On 20 November 2017, in a hotly contested vote, the General Affairs Council decided that the EMA, which has been based in London since its creation in 1995, will relocate to Amsterdam on 30 March 2019. Out of the 18 other candidate cities, other close runners were Milan, Copenhagen and Bratislava, but perhaps the fact that Amsterdam indicated in their bid video (available for viewing here) that they were ‘not that different’ and enjoyed ‘fish and chips’ was a deciding factor!
The Executive Director of the EMA stated that there was ‘excellent connectivity’ and ‘a building that can be shaped according to our needs’. In addition, an earlier staff retention survey conducted on EMA staff showed that a large majority (approximately 65%) would be willing to move with the Agency to Amsterdam. It is important that the EMA does not lose too many staff as if staffing falls below a certain threshold, the EMA will be less able to undertake its critical role.
After publication of its Business Continuity Plan (BCP) (see our publication on this here), it is clear that the EMA aims to comply with its strategic objectives and if necessary invoke the continuity plan. This would involve the EMA decreasing certain activities depending on the priority levels to reduce the impact on public health.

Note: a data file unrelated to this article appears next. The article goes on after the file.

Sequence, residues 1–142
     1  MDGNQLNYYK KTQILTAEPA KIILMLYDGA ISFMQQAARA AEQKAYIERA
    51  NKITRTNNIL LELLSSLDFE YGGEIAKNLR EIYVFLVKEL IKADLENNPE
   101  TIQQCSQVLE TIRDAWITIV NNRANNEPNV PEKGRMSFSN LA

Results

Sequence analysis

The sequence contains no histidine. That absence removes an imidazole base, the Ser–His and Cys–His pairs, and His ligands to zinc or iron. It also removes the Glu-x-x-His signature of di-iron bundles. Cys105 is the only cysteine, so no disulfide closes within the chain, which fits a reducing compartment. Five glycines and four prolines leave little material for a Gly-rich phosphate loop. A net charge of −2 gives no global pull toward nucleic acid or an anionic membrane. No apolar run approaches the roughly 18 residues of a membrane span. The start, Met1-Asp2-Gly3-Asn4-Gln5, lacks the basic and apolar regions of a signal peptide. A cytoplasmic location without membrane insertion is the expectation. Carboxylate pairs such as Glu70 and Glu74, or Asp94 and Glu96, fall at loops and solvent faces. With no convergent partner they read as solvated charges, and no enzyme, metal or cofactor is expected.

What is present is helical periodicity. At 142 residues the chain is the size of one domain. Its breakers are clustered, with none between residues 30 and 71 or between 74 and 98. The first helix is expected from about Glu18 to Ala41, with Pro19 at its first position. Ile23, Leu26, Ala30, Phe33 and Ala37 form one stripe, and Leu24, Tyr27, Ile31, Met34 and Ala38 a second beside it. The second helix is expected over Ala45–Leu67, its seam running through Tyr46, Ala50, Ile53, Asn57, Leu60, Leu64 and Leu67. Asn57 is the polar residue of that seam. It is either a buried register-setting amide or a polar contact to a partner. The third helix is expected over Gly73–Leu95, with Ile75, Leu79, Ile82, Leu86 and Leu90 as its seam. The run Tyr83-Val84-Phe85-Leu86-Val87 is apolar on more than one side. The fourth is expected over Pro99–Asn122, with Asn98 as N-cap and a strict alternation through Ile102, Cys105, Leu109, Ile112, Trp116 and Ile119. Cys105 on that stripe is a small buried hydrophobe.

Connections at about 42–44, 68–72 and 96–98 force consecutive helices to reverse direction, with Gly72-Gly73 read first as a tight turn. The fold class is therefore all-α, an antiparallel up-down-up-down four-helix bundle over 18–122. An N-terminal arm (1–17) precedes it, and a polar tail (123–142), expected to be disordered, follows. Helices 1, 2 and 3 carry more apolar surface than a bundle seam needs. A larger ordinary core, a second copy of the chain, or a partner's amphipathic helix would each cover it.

It is clearly important that there are arrangements in place to deal with the transition to ensure that the Agency can function effectively and ensure that it has the time to manage the relocation in addition to safeguarding the health of the public. Disruption of the relocation cannot be avoided. However, the EMA and the Netherlands have said they will establish a joint governance structure to steer and oversee the relocation project and this will be subject to tight timelines with the relocation to be complete by 30 March 2019.
In our next note, we will look at the impact of the EMA’s move on the UK’s Medicines and Healthcare products Regulatory Agency.